Regarding expungement: Although the conviction is still recognized by the Board, if you have met the requirements for expungement, this can become a mitigating factor in favor of rehabilitation.
Other ways to demonstrate rehabilitation include counseling, remedial education, reference letters, and 12-step programs, to name a few. These will be helpful in your case. The goal is to satisfy the Dental Board that you have sincerely come to terms with your crime, that are remorseful and that you are committed to making better choices in the future.
It is worth noting that the law says that a Dentist license cannot be denied solely on the basis a felony conviction in cases where the applicant has received a certificate of rehabilitation pursuant to the Penal Code or on the basis of a misdemeanor if the applicant has met all rehabilitation criteria set forth above.
Be Honest with The Board
The Dental Board looks favorably upon honesty. Therefore, it behooves you to be truthful in answering application questions about convictions on your record. The Board has a number of ways of uncovering concealed convictions, including background checks. Any deceit it discovers can, in and of itself, become a basis for discipline. Furthermore, court clerks are required to submit copies of convictions and other information to the Dental Board.
Additionally, an in-house Enforcement Unit staffed by sworn peace officers investigates complaints on the Board’s behalf. This is another way the Board can discover concealed convictions.
Best practice is to consult with a lawyer knowledgeable in this area if you have any doubts.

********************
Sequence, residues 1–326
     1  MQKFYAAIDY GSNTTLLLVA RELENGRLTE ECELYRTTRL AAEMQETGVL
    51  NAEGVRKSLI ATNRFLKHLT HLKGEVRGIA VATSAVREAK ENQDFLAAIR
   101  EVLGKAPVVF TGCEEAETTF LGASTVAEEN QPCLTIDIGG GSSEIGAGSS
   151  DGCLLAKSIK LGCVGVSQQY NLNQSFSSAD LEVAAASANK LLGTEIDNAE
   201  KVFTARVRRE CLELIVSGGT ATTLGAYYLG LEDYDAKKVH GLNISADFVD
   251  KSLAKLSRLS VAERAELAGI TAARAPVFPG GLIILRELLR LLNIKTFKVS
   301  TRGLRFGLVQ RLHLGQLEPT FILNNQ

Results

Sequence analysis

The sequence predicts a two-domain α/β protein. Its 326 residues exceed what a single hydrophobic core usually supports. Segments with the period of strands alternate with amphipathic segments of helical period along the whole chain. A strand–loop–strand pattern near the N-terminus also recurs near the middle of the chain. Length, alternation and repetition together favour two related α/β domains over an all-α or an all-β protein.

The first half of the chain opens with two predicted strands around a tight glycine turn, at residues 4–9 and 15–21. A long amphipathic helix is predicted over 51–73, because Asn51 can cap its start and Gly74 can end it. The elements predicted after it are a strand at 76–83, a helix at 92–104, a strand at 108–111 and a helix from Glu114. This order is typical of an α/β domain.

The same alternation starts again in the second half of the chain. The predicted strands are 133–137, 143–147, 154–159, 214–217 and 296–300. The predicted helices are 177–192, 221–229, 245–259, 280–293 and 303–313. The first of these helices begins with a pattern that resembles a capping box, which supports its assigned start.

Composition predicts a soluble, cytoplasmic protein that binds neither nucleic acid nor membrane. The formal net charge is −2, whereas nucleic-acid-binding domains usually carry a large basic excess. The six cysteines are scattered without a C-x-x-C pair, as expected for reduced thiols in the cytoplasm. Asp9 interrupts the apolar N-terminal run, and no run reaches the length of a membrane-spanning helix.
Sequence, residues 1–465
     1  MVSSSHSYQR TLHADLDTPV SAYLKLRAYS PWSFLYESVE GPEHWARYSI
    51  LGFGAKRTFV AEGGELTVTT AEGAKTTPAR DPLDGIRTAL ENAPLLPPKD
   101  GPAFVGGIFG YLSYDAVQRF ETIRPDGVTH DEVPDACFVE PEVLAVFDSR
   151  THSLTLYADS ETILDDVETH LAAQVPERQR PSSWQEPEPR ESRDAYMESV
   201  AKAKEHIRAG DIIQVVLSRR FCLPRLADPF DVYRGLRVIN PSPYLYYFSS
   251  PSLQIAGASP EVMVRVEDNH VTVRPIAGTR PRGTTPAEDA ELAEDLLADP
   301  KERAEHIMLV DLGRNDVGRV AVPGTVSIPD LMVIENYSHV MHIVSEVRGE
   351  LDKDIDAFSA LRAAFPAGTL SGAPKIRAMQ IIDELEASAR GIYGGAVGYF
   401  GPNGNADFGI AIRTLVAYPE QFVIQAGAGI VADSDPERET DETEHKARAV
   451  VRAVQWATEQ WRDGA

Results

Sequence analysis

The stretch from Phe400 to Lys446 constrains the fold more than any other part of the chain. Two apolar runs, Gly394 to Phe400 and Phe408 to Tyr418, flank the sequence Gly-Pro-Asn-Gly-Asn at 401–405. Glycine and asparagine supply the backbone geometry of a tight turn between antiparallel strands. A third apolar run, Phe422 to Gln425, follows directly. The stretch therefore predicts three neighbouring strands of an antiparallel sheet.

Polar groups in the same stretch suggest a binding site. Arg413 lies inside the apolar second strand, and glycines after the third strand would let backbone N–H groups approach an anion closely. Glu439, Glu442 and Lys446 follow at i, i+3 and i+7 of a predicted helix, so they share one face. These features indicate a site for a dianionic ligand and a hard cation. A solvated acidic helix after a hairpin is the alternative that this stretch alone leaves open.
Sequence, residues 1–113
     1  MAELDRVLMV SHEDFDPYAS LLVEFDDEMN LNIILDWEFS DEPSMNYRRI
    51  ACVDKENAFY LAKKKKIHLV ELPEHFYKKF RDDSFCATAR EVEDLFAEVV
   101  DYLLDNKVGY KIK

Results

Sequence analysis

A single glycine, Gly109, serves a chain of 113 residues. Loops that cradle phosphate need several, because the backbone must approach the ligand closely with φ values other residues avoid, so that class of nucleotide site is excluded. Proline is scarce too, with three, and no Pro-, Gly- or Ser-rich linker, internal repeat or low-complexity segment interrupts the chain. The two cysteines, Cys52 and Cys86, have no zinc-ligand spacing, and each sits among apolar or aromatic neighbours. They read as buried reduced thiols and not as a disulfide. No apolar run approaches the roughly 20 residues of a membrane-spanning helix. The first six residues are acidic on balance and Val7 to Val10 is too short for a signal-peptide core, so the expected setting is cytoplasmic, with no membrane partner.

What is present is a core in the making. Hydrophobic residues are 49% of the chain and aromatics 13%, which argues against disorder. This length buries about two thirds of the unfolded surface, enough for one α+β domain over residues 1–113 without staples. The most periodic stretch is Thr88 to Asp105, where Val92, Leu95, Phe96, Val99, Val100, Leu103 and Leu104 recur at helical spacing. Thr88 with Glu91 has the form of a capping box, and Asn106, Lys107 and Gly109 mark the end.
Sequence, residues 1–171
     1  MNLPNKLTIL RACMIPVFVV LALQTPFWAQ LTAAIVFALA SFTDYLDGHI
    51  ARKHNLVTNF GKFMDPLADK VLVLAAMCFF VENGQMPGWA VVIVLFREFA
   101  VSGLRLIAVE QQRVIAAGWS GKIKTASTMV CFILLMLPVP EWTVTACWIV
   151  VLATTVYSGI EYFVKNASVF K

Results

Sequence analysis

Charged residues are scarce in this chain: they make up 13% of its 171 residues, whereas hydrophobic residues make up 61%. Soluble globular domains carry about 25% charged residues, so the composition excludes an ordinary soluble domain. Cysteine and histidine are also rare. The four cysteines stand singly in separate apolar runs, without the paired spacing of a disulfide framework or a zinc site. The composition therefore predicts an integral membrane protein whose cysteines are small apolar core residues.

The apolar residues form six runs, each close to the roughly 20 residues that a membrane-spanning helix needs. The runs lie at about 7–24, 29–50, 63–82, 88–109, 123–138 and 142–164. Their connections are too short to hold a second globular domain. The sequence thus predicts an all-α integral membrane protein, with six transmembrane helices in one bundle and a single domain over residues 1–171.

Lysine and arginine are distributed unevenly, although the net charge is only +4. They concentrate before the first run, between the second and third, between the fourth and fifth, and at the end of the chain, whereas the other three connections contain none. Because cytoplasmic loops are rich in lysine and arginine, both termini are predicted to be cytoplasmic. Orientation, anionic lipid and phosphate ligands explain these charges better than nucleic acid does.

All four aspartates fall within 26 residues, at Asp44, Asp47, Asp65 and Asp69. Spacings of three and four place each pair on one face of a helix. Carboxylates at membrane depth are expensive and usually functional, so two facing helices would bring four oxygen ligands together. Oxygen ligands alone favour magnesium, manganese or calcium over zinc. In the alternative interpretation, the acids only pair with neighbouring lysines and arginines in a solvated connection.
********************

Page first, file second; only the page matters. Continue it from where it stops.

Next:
Will I be able to fight for my license?
Indeed, you can fight to keep your dental license. You have the legal right to contest adverse denials and disciplinary charges by the Board. This holds true if you receive a statement of issues notifying you that you will have to demonstrate your fitness to continue to practice at a hearing. You can also contest if you already hold a license and you receive an accusation notifying you that the Board is looking to discipline you. In either circumstance, you are entitled to a hearing, but you must respond quickly in order to exercise that right.
You should contact a lawyer as quickly as possible in a situation like this.
Your Dental Board Disciplinary Hearing
The hearing will take place before an administrative law judge. A representative from the California Attorney General’s Office will make the case for the Board. You, or you and your lawyer, will be able to present testimony and evidence in your defense.
The judge then evaluates the evidence and testimony and issue a proposed decision to the Board.
If you don’t get the outcome you were seeking, you may file an appeal to the state trial court in the form of a writ of administrative mandamus.
After all of this, if you still end up losing your dentist license, in most scenarios you will eventually be able to petition the Board to have it reinstated.
Can I use the 7-year rule to disqualify my past conviction?
This depends on the kind of offense. In California, the Dental Board of California can deny people a dental or hygienist license if they have been convicted in the past seven years of a crime that is substantially related to the qualifications, functions, or duties of dentistry. (Scroll up to review question 2, where we covered “substantially related” convictions.)
In addition, the Dental Board may deny people from getting their dental or hygienist license if they have a criminal conviction — no matter how old — for certain egregious criminal offenses.